Where a lawyer is developing a system for a clearly articulated need of a specific client(s), then virtually any legal topic is possible. If thinking about the market at large, however, then it is best to consider legal issues that 1) occur in high volume across many businesses and 2) present many questions susceptible to answering with an automated system. The obvious candidates are employment law, certain trade practices (e.g., advertising and pricing), environmental regulations, and financial regulations.

What does it take to build such systems?

There is no one formula for creating automated Web advisory systems, but here are several steps in a process that would typically be useful to follow:

  1. Identify a need in the market, that is, a legal topic to address. Of course, it should be a topic in which the firm or lawyer has expertise.

  2. Determine what type of information or advice to provide to users of the system. For example, decide if the goal to provide advice, collect information for a lawyer to review, generate a regulatory filing, or draft an agreement.

  3. Select a “technology platform,” that is, the type of software and system to deliver advice. Many choices are available: a set of simple Web (HTML) pages; simple or sophisticated document/content management software; relational databases; document assembly software; FAQ (Frequently Asked Question) software; expert systems; and a wide range of customized solutions. Even where commercial off-the-shelf software is selected, some integration with other systems is likely to be necessary. It may also be necessary to purchase one or more servers or upgrade the speed of the Internet connection.

  4. Develop the content. Regardless of the technology selection, lawyers or professionals working under lawyer supervision must develop content to deliver to clients. Even where a lawyer or firm has a well-organized collection of relevant work product, it is likely that a significant effort will be required to translate the content into a more useable format. And, more typically, there will be a need to develop new content. This does not necessarily mean legal research; it may mean that the leading expert must articulate aspects of his or her know-how in a way that can be captured in software for re-use.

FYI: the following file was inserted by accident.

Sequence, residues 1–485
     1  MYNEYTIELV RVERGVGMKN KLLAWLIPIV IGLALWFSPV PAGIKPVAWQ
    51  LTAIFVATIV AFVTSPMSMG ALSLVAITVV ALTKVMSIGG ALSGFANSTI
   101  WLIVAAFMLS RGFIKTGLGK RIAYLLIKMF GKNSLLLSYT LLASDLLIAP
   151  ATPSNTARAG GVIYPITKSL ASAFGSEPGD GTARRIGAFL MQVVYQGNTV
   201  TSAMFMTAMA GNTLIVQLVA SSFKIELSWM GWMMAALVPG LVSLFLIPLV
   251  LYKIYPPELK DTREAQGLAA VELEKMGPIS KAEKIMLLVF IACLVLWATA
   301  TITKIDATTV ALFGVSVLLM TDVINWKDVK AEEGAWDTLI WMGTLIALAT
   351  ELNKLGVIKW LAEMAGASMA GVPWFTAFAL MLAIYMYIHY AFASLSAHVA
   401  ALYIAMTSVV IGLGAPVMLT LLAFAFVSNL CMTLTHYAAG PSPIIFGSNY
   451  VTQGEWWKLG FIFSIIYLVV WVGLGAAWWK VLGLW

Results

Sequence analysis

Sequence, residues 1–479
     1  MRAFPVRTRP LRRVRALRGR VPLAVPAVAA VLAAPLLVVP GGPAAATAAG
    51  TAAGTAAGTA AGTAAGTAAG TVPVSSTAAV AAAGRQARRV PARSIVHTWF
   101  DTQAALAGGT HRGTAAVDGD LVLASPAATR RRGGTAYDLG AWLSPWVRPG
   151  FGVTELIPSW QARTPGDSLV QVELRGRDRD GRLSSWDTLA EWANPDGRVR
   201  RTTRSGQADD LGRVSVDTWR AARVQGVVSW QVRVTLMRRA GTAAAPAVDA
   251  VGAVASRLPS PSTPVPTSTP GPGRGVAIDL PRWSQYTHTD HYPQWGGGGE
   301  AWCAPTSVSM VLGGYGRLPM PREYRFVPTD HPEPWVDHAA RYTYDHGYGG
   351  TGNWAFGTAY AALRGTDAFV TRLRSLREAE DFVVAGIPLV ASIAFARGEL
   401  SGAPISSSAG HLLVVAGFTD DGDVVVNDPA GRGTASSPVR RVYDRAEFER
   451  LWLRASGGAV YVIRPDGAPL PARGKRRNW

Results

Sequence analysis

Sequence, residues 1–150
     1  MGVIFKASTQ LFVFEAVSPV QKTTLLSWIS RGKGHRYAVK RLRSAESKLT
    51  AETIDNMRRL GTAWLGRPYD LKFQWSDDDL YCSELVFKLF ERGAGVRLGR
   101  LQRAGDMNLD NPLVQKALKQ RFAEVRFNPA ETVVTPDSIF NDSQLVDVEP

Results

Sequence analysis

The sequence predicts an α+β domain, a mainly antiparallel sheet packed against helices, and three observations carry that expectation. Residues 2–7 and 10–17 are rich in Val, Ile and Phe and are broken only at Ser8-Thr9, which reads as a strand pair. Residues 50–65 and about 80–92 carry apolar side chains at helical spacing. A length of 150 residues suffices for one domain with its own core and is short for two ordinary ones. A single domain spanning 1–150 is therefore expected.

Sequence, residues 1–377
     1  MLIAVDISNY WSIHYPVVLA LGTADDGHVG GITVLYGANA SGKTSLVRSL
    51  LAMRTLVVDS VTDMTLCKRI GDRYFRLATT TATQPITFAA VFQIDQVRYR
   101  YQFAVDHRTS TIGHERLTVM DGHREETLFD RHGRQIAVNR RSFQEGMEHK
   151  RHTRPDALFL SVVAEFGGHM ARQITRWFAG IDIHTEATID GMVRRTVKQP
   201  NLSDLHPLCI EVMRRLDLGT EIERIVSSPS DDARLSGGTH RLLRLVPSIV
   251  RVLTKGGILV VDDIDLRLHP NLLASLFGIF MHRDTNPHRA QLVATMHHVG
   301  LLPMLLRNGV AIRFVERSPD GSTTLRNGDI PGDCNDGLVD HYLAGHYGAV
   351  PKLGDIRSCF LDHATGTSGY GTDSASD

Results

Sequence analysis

5. Make plans at the outset to keep content current.

  6. The functional tasks involved — selecting technology, developing content, and keeping content current — may require developing a new organizational structure and compensation scheme to support them. Furthermore, it may also be necessary to create new positions (e.g., a “knowledge engineer” who works with the legal expert and puts the expert’s expertise into software).

  7. “Beta test” the system with selected clients. (That is, introduce the system on a trial/test basis to a small number of users for feedback and debugging.)

  8. Roll out the system and market it.

  9. Collect feedback about how it is used and its value and have a process to improve the system based on user feedback.

  10.   Measure the costs and benefits, both direct and indirect.

  11.   The need to test a system, develop a marketing program, collect feedback, and explicitly measure outcomes suggests a need for close collaboration among several discrete functional departments (at least in larger organizations).

Should litigators build such systems or, what are the economics of building automated systems?

The economics are not yet clear. The fixed costs of this process can be high as the enumerated steps above suggest. Lawyers and firms should consider carefully what the potential return is. Until the market moves further ahead, earning a return on just subscription fees may be difficult. It may be possible, however, to achieve a high indirect return. One way is by cementing important client relationships. Another way is to position these systems so that when they identify difficult issues, the law firm is retained to resolve them. For example, some software can automatically send an e-mail message to a lawyer that indicates further advice is required.

Conclusions

It would be hard to argue convincingly today that every lawyer or firm should rush to deliver its services over the Web. But the advent of the innovative law firm services described above and the ongoing investment in Web initiatives by most established companies suggests that the Web will continue to change the way we do business. At a minimum, lawyers need to keep an eye on these developments and regularly assess the impact on their practice and business. But lawyers who want to gain a competitive advantage and create tighter bonds with clients should think hard about how they can use the Web to deliver their expertise and service directly to clients over the Web. But do not think too hard or long — you may need to act soon!

Ron Friedmann was Director of Computer Applications at Wilmer, Cutler & Pickering from 1989 to 1998 and Director, Legal Applications Division, Jnana Technologies, from 1998 until late 2000. Five months into another start-up, he became a dot-com casualty and is assessing his next steps. He is a 1986 graduate of NYU Law.